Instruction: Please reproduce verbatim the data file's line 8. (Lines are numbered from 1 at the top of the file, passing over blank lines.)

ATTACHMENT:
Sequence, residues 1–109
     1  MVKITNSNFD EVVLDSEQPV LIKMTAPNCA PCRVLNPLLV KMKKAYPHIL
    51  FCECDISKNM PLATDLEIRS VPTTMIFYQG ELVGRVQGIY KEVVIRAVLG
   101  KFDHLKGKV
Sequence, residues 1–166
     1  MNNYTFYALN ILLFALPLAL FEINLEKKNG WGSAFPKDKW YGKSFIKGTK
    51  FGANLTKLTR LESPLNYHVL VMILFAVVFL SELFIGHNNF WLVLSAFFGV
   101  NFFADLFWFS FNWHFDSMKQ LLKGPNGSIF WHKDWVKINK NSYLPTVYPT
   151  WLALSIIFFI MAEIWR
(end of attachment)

   101  NFFADLFWFS FNWHFDSMKQ LLKGPNGSIF WHKDWVKINK NSYLPTVYPT